COVID-19 Health Guidelines for Seniors

It has been a long, dark year for all of us, but it seems like we found the light at the end of the Covid tunnel.

Thailand kicks off its long-awaited COVID-19 vaccination program on March 1, 2021. While this may sound like the best news we’ve gotten so far in a year of pandemic, the vaccines aren’t yet available to everyone.

Older adults and people with long-term health conditions are among the first groups of people to get the vaccine as they are considered most vulnerable to the virus. While the arrival of vaccines may have given us hope, don’t relax on COVID-19 precautions just yet.

Until the world is 100% Covid-free, you should still keep your guards up. Here’s how.

  • Health Guidelines for Seniors
  • Health Guidelines for Caregivers of Seniors
COVID-19 Health Guidelines for Seniors

Health Guidelines for Seniors

The risk for severe symptoms of COVID-19 increases with age. Therefore, the Department of Disease Control suggests the following guidelines for older adults:

• Wash your hands, a lot

Wash your hands frequently with soap or 70% alcohol hand sanitizers before eating, after using the toilet, and after touching surfaces outside of home. Avoid touching your face, eyes, mouth and nose.

• Eat freshly cooked meals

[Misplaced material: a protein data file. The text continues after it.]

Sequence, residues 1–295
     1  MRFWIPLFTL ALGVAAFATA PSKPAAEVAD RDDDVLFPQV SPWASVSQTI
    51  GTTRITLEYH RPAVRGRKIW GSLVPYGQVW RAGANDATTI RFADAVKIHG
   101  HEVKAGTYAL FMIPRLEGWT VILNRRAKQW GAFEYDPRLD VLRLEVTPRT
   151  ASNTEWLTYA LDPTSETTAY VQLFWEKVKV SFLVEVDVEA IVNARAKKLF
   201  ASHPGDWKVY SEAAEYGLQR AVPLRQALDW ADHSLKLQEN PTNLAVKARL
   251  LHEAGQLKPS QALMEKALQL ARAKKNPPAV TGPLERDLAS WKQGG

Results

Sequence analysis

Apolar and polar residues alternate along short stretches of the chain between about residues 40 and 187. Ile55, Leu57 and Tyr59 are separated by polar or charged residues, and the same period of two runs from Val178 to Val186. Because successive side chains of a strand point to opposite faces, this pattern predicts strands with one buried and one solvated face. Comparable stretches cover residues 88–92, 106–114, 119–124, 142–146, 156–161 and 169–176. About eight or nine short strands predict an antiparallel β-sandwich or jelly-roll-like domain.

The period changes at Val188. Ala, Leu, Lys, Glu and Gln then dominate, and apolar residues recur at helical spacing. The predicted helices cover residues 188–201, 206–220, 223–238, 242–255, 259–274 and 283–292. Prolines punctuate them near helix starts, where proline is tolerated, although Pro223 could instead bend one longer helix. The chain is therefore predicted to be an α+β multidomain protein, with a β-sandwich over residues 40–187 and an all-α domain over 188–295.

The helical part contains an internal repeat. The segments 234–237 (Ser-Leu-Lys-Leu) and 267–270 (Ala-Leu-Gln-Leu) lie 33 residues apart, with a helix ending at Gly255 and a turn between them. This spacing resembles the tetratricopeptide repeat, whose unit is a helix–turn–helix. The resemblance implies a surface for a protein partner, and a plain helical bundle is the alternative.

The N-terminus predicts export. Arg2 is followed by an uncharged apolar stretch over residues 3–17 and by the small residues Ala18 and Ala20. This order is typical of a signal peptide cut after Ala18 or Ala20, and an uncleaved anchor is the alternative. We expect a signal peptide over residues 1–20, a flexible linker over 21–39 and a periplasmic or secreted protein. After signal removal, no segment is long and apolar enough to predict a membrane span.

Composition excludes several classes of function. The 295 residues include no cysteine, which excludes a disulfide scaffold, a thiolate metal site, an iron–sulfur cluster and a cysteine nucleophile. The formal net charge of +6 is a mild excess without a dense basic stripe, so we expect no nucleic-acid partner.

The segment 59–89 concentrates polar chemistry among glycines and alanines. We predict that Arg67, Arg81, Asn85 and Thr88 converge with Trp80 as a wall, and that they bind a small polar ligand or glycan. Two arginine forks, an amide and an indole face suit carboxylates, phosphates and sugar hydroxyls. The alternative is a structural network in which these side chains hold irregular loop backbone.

And always use serving spoons when eating with other.

• Cover your mouth when you cough or sneeze

Cough and sneeze on your elbow, with your mask on, or cover your mouth with a tissue and wash your hands immediately.

• Avoid crowded areas

Keep at least a 1-2 meters distance from others in public and replace face-to-face interactions with device-mediated interactions.

• Have your prescriptions ready

If you have long-term health conditions, such as a heart problem, diabetes, high blood pressure, Chronic Obstructive Pulmonary Disease (COPD) or cancer, please make sure you have your prescriptions prepared. Have caregivers pick up your prescriptions for you, if possible.

• Keep your mental health in good shape

Exercising, gardening, listening to music and meditation are all good stress-relieving activities.

Health Guidelines for Caregivers of Seniors

Being in close contact with one of the most vulnerable groups makes it important for caregivers to stay safe and healthy. If you are a caregiver, the Department of Disease Control suggests that you:

• Monitor your health frequently

Avoid close contact with older adults if you have cold-like symptoms.

• Avoid unnecessary physical contact

Keep some distance between you and the person you are taking care of.

• Wash your hands frequently and always have your face mask on

We can’t emphasize this enough.

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